Best way to get the data? Have case management software. You don’t need to bother customers for this, just to track what you do. Track it as seamlessly as possible and you’ll have more time for other fun things.

Act. Plan your staffing as far ahead as possible. Remember that people are humans who take sick days and go to meetings and get distracted. Use case volume to argue for product improvements and then use reduced case volume to show that those improvements worked. Keep going.

NPS:

What do you want? Your organization to succeed by having awesome, loyal customers.

What do you need to know? Do you have awesome, loyal customers? Is there anything you can do to get more of them? or to have them be even more awesome and loyal?

What are you going to do? OK, seriously, if you’re not going to do anything based on NPS data, don’t gather it. (Same rule for any data you directly ask customers for.) If you do gather it, use it to communicate with your customers about their overall experience. Use it to convert “passives” to “promoters”. Use it to drive improvements in products and user experience. Use it to track how your organization is doing over time and when you may need to change course.

Best way to track NPS? You have to ask, so ask in the least annoying way possible. (Consider every question in a survey that includes NPS — is it needed? Did you change the question to accurately reflect your product and your customers? If your company makes an HR platform, don’t ask people if they’d recommend it to family or friends.) Consider your population — does it make sense to ask everyone? a rotating, random sample? How often can you actually go through the data and respond? Who are you comparing yourself to? Should you consider seasonality?

Act. If your survey isn’t anonymous and you have something constructive to say, respond to your detractors directly. Even better, respond to your passives to discover what would turn them into promoters. Consider responding to your promotors to thank them. Collate the comments and find ways to improve your products and user experience. Get that information to the right people. If your organization makes a great change based on someone’s comment, let that someone know.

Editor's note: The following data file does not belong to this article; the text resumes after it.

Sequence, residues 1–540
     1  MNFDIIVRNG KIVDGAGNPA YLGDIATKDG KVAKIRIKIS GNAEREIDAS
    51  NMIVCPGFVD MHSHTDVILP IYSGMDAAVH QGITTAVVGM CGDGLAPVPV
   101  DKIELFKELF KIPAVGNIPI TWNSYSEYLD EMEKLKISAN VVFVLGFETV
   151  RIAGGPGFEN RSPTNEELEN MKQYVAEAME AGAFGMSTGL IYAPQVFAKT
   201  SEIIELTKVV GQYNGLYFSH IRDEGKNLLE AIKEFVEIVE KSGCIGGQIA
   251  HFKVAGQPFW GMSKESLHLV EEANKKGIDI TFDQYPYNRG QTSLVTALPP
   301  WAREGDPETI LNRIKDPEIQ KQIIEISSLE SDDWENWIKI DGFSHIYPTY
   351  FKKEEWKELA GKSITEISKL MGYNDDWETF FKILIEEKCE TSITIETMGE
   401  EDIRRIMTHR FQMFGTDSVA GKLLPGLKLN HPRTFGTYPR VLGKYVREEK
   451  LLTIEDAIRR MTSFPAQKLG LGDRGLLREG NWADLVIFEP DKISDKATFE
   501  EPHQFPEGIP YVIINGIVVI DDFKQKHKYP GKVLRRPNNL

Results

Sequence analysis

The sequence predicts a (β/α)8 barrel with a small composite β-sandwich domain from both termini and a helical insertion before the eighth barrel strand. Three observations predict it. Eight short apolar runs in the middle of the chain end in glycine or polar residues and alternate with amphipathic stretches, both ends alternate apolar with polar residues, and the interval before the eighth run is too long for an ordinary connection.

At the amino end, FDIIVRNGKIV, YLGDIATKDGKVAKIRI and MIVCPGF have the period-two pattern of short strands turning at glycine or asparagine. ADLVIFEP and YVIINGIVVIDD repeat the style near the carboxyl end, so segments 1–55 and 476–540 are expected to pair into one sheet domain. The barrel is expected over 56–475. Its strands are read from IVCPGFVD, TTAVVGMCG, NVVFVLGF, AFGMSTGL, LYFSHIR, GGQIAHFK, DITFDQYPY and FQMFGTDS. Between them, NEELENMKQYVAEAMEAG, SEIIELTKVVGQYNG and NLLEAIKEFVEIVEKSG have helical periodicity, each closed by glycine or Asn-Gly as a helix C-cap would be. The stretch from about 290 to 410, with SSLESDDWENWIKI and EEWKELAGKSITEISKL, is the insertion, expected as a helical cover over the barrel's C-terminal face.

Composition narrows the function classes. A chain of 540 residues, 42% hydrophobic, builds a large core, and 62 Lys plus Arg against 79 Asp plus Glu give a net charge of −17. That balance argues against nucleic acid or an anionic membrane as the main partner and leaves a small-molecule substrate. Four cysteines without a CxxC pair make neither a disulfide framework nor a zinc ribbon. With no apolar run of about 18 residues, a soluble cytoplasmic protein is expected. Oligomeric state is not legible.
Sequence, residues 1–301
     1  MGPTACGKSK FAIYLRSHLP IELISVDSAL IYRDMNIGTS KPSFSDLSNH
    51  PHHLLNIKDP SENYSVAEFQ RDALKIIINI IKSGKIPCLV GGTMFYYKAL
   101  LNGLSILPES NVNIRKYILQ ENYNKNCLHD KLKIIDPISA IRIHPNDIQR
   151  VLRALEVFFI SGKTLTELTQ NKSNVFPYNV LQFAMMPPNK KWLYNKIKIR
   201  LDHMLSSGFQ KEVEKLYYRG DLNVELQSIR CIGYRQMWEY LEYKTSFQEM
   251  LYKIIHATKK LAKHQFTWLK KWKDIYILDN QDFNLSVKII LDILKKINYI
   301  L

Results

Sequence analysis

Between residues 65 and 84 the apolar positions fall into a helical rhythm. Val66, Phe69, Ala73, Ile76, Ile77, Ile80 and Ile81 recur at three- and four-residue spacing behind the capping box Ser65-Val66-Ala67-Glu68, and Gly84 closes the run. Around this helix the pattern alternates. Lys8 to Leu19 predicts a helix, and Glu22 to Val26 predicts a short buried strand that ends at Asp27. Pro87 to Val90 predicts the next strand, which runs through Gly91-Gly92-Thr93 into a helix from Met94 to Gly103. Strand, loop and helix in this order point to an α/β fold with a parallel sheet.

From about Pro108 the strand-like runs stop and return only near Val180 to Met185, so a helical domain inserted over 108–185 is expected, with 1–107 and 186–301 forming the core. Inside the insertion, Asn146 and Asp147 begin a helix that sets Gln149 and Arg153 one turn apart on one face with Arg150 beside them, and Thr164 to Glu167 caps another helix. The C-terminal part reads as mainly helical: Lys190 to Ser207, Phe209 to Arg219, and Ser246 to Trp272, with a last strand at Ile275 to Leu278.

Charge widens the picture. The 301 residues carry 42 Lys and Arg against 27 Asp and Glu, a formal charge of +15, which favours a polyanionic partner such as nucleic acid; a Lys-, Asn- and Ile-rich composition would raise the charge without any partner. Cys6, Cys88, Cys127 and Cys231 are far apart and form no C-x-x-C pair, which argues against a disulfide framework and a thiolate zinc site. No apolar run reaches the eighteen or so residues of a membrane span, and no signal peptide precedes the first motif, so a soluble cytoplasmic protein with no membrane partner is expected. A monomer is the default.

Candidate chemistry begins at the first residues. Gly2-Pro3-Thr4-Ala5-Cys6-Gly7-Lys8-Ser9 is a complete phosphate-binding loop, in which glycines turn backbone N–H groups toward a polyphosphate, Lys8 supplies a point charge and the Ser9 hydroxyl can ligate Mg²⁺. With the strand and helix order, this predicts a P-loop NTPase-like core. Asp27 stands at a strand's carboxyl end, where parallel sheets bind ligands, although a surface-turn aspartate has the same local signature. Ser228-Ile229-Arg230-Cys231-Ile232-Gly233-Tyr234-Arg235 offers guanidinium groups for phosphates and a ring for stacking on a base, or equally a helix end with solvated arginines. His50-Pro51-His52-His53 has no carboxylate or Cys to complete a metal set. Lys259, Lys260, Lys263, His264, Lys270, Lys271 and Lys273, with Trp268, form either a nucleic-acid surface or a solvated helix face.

Churn:

What do you want? Your organization to succeed by having awesome, loyal customers who keep re-upping and maybe even upgrading. (Why yes, this may be somewhere you can get some of the same benefits as an NPS survey, without doing an NPS survey.)

What do you need to know? Are your customers sticking around and buying more? Are they leaving? If they are leaving — when, where, and (possibly) why?

What are you going to do with what you know? Make improvements directly targeted at the points where your customers leave. Reinforce the points at which they buy more. Step 3: Profit.

Best way to track? Probably? As automagically as possible with targeted requests for customer input. Look at what you know already, based on web analytics, customer inquiries, sales & cancelations. Find your most likely inflection points and determine if you can ask your customers for feedback at those points.

Act. Improve, re-analyze, repeat.

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I could go on (SLA!, Tagging!, Sentiment analysis!), but should sum-up instead: Do use data. Don’t use it blindly. Think, Plan, Measure, Act.

The end (until I improve this entry based on data).